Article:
Eating is an economic and political act
not to mention health choice.
I was talking with some guys that research nutrition and fat, food-related areas. We were on a bus for an hour so I tried to learn why Michael Moore want to ban high fructose corn syrup and Michael Pollan says you can’s sell huge sodas with sugar in them. Corn syrup sweeteners don’t send your brain the same signals to stop eating, your full, you have enought calories already. I was told you can’t eat anything if you start reading lables and thinking about ingredients. If you have a chance to do some planning, line up fair trade coffee and a thermos it’s possible – these guys are university teachers – it’s not like they’re running around with 3 part-time jobs and very little pay. You would think Supersize Me and Fast Food Nation DVDs would be right down their alley. I promised to send them the backing for my questioning of fructose and corn – since I have all these links and clippings lined up – I might as well inflict them on the Zblogs audience (if there is one, now).
Why are Americans so fat? According to Michael Pollan, it’s not just supersized portions and sedentary lifestyles that make obesity the second-highest cause of preventable death in the United States. It’s corn.
It’s probably no coincidence that the wholesale switch to corn sweeteners in the 1980′s marks the beginning of the epidemic of obesity and Type 2 diabetes in this country. Sweetness became so cheap that soft drink makers, rather than lower their prices, super-sized their serving portions and marketing budgets. Thousands of new sweetened snack foods hit the market, and the amount of fructose in our diets soared.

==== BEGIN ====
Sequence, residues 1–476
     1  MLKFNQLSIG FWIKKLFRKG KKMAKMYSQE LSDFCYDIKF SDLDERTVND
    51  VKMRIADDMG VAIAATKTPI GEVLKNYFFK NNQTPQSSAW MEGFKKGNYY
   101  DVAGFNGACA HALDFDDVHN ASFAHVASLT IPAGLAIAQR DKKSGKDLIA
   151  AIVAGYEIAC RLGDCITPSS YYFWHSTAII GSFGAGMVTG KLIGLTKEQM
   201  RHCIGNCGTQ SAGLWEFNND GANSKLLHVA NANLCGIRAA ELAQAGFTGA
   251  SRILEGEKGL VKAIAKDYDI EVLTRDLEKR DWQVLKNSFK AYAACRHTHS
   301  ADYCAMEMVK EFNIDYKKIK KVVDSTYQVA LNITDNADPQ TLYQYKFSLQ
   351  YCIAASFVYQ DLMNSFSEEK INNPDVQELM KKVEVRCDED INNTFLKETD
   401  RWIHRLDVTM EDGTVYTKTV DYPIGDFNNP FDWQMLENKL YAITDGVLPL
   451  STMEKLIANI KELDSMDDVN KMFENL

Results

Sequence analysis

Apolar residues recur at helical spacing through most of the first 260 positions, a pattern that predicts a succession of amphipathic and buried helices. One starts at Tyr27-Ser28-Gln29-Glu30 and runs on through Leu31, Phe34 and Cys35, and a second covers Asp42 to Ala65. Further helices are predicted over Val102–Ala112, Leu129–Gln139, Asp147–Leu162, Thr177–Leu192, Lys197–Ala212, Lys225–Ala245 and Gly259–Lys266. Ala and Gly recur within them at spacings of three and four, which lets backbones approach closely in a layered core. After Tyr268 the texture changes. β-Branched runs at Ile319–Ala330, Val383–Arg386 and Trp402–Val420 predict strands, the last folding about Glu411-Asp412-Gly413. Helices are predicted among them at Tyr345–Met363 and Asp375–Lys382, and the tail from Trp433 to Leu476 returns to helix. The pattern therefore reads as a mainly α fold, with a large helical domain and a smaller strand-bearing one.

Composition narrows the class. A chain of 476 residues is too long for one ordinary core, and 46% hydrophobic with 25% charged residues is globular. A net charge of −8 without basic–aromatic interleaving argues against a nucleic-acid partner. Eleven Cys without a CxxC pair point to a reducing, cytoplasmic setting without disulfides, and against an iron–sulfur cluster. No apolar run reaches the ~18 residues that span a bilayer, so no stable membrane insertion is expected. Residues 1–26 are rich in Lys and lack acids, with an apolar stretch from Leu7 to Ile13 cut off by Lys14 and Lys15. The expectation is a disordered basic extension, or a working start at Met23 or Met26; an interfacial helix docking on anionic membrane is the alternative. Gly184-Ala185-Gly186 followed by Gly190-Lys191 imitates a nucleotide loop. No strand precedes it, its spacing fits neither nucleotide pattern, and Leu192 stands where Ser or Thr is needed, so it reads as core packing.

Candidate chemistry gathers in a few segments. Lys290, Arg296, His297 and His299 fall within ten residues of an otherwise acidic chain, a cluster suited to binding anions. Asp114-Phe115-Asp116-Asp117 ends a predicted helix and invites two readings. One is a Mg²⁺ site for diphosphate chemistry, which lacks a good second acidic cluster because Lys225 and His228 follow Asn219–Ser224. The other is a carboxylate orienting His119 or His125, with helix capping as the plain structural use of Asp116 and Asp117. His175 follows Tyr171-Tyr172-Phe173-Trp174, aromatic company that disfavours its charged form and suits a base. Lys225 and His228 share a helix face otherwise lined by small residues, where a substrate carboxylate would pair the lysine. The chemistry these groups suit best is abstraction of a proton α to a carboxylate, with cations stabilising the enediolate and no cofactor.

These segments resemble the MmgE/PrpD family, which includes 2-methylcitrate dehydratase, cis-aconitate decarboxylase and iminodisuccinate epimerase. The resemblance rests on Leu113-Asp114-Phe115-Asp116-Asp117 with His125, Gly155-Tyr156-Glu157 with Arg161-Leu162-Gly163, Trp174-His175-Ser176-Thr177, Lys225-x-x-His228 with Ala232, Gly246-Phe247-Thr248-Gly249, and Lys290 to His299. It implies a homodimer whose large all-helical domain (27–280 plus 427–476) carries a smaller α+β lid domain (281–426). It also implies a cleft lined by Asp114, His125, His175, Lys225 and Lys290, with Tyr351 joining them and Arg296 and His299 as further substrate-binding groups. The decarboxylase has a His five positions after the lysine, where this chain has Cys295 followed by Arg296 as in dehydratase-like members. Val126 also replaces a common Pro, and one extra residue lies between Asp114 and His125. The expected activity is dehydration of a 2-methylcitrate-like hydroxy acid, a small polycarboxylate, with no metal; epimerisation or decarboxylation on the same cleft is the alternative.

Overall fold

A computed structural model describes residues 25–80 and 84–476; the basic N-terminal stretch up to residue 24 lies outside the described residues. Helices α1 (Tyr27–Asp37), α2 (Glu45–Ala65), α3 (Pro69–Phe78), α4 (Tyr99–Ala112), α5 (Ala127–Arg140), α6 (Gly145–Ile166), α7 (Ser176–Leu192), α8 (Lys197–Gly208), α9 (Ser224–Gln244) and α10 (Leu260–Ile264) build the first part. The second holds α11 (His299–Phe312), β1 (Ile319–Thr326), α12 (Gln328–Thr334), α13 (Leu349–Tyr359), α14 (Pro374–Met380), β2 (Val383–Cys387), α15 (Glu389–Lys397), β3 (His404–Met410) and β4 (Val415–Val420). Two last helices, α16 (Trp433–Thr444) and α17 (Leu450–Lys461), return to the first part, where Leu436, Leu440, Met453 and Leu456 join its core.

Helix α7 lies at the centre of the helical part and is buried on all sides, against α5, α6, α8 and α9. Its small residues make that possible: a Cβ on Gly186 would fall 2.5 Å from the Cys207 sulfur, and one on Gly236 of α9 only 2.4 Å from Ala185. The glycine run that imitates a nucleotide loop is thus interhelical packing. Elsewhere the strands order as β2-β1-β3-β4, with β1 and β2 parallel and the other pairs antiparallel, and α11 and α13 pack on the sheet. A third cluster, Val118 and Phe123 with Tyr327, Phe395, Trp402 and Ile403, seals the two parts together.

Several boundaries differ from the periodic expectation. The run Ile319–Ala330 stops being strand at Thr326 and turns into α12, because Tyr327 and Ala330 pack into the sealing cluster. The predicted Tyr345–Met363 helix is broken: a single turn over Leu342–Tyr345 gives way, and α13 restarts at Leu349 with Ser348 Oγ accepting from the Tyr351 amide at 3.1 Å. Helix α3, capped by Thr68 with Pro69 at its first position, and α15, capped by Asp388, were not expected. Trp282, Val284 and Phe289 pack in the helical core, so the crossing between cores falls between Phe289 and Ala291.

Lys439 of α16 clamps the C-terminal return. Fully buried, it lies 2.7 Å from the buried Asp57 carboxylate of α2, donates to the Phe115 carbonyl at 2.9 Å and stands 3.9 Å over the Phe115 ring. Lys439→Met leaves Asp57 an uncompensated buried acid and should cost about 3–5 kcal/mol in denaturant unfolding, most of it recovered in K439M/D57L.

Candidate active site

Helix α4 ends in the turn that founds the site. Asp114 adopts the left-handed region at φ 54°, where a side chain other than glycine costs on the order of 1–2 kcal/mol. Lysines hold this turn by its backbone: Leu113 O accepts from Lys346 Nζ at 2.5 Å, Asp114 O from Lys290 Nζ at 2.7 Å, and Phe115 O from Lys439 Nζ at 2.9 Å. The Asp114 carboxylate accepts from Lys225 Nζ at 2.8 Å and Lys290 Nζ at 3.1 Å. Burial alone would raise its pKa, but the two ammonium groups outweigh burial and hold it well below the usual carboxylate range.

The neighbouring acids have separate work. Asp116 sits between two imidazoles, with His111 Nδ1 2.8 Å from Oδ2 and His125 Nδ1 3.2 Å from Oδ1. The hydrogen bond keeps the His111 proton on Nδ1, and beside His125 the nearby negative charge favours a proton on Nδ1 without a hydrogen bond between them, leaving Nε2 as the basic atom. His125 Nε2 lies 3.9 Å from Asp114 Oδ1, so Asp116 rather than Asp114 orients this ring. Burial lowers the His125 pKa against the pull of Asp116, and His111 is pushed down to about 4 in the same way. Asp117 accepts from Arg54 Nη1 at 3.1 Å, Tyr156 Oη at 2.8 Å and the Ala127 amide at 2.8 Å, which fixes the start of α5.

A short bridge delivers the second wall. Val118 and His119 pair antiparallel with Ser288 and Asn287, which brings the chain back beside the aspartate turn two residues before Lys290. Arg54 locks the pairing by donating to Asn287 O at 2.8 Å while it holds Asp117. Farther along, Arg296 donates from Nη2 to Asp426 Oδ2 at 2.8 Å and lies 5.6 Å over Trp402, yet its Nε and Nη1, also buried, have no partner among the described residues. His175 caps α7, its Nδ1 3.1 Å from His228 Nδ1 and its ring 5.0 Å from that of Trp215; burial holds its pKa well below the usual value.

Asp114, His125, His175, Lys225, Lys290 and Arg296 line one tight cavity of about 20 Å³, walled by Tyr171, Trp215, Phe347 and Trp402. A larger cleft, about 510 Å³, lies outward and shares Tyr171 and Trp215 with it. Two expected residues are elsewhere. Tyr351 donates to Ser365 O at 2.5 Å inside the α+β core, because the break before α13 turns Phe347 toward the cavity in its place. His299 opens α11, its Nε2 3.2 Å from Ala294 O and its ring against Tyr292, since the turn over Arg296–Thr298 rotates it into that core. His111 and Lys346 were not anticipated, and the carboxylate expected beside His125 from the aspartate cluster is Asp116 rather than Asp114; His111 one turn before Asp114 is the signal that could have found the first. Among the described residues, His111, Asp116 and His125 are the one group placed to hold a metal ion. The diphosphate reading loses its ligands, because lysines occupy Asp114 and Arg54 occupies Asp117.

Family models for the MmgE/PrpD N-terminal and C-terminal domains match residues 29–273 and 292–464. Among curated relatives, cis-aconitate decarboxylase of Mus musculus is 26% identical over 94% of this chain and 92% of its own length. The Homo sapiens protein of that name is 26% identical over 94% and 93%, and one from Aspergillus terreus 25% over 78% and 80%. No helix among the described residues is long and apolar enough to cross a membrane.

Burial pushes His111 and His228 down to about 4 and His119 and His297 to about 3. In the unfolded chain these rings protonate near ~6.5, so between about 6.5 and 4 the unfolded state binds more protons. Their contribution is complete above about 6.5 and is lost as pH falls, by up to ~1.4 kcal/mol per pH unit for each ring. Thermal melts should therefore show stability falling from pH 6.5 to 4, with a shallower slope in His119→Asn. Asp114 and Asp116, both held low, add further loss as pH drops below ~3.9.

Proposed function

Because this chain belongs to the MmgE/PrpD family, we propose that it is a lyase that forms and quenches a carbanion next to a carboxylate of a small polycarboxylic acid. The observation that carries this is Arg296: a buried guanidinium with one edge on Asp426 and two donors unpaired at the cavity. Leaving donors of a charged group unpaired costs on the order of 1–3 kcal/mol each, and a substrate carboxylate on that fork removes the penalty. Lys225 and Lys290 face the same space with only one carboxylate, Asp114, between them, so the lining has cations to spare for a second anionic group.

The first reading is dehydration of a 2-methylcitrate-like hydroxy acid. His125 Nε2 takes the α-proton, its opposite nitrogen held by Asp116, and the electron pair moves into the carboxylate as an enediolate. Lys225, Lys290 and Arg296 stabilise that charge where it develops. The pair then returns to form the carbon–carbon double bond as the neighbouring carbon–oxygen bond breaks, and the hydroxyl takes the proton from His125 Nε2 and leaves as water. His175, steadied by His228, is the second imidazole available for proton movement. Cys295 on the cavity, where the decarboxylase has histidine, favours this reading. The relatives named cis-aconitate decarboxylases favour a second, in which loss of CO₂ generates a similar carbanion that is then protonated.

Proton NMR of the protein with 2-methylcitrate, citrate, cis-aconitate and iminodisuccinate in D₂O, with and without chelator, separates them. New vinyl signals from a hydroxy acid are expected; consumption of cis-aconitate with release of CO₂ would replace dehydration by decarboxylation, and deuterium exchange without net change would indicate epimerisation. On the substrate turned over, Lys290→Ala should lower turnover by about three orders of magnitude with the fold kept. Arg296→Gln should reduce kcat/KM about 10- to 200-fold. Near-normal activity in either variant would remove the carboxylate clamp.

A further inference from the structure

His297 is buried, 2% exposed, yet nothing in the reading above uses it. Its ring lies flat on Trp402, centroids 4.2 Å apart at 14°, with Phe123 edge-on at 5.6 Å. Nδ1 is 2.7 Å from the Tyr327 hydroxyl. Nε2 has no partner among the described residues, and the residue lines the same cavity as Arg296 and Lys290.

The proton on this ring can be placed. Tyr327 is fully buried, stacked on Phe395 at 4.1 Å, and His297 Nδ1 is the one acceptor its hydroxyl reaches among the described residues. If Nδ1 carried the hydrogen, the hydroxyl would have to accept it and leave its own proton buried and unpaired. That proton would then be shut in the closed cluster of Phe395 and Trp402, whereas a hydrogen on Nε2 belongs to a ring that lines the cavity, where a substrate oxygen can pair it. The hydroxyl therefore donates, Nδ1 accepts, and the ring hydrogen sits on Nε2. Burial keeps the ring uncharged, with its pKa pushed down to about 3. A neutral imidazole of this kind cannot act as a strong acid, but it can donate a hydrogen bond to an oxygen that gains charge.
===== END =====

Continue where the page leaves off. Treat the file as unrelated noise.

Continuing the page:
This would be bad enough for the American waistline, but there’s also preliminary research suggesting that high-fructose corn syrup is metabolized differently than other sugars, making it potentially more harmful. A recent study at the University of Minnesota found that a diet high in fructose (as compared to glucose) elevates triglyceride levels in men shortly after eating, a phenomenon that has been linked to an increased risk of obesity and heart disease. Little is known about the health effects of eating animals that have themselves eaten so much corn, but in the case of cattle, researchers have found that corn-fed beef is higher in saturated fats than grass-fed beef.
We know a lot more about what 80 million acres of corn is doing to the health of our environment: serious and lasting damage. Modern corn hybrids are the greediest of plants, demanding more nitrogen fertilizer than any other crop. Corn requires more pesticide than any other food crop. Runoff from these chemicals finds its way into the groundwater and, in the Midwestern corn belt, into the Mississippi River, which carries it to the Gulf of Mexico, where it has already killed off marine life in a 12,000-square-mile area.
I love this ecoliteracy site below. Why shouldn’t Food Education be a subject just like Physical Education? There should be gardening and cooking teachers, From Seed to Table classes, in every school. There’s a nice chunk of stimulus package for you. Mike Davis says the Green New Deal is a good idea but more teachers and public education would have more direct effects for local economies as there isn’t so much bleeding off to European windmill and tram manufacturers.
So how did Michael Pollan discover that corn is the root of much dietary evil in the States. Was it the SaveHarryPotter site or some other people that talk about children being mal-nourished and obese at the same time?